Many gold (GLD, DGP) bulls and investors have been wondering why the price of gold is not hitting new highs given the problems in Europe. Certainly, European investors should be running for the safe haven of the yellow metal in this time of bank runs, bailouts, and money creation.
The real story about the gold price coming from Europe comes from an area that most would not realize, Switzerland.
In September of 2011 the Swiss Central Bank decided to peg the franc/euro rate at 1.2:1 in an attempt to stem the appreciation of the Swiss Franc against the euro.
Since then the Swiss Central Bank has been forced to defend the peg in an odd manner, accumulating reserves at an alarming rate in order to maintain the peg. Central bank reserves have been at an alarming rate, exploding to 303.8 billion francs, an increase of 66 billion francs from April's 237.6 billion franc figure.
So where is this money going once it enters Switzerland? The Swiss sovereign debt market. Take a look for a moment at the yield curve for Swiss Government securities which can be found here.
Yes, those yields are correct. A significant portion of the Swiss yield curve up to four year yields has dropped below zero, meaning that the government is being paid to financing its debt at these maturities. The yields have fallen so low that even the 30 year bond is selling for a hair more than one percent.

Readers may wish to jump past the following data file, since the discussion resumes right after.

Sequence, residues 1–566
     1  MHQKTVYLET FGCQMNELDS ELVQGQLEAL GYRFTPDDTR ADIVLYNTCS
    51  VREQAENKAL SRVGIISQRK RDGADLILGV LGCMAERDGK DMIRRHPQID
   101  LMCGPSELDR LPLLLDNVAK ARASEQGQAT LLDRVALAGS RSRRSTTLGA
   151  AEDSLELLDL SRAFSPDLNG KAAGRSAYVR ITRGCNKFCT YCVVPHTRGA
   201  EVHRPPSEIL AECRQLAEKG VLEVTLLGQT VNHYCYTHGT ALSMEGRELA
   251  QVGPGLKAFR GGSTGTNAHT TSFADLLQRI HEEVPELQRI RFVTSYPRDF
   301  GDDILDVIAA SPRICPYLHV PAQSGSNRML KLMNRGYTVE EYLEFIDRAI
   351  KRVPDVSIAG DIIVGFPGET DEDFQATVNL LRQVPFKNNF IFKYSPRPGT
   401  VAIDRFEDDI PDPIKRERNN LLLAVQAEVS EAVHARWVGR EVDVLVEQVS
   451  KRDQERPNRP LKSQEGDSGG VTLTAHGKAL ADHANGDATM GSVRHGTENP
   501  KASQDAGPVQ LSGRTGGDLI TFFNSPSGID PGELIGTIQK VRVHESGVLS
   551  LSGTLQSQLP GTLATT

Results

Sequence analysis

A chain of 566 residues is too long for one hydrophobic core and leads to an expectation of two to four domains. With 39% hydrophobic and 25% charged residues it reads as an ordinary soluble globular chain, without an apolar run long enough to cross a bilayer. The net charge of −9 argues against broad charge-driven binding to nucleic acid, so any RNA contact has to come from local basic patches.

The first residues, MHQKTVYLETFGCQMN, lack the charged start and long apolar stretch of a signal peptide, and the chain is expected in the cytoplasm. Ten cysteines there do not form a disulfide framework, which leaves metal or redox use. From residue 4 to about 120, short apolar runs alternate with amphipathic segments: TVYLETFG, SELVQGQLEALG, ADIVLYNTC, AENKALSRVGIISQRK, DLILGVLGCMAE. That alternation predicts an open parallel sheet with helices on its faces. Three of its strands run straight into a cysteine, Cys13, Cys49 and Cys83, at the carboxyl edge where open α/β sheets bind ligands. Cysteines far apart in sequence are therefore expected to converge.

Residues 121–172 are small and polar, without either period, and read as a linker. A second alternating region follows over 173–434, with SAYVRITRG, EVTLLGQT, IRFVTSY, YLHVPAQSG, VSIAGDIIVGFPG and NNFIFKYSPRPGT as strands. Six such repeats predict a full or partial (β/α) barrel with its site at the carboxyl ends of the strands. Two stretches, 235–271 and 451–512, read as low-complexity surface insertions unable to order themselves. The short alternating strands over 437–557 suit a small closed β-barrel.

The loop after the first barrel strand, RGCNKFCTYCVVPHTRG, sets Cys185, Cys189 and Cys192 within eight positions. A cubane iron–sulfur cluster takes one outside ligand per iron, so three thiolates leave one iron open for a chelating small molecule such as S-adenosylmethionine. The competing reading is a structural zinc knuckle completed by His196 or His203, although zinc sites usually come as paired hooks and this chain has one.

If money continues to flow in at these rates the Swiss government will be forced to make a significant decision with regard to their currency peg. Will they continue to support the peg or will they allow the Swiss franc to free float?
In the past few weeks Swiss officials have begun to float the term 'capital controls' in an attempt to stem the flow of funds into Switzerland. The market is not taking to potential threat seriously but just the inference is important as an economy as small as Switzerland cannot continue to print francs to maintain the peg forever.
The Swiss franc peg may just be the linchpin for the price of gold as the significant accumulation of currency reserves and negative government bond yields creates an unsustainable recipe for the future and a couple of catalysts for the future.
At some point in time investors will tire of negative yields, creating a catalyst for a switch from Swiss government bonds into gold. For those who say that gold may have no yield I would counter that neither do Swiss bonds out to 4 years.
A second catalyst for a move into gold would come from continued fist shaking and increased threats over the implementation of capital controls from the Swiss government which would cause investors to look or deploy some capital elsewhere to counter the threat.
In the meantime the best bet for gold bulls is to sit back and be patient as the time is coming when gold will once again have its day in the sun.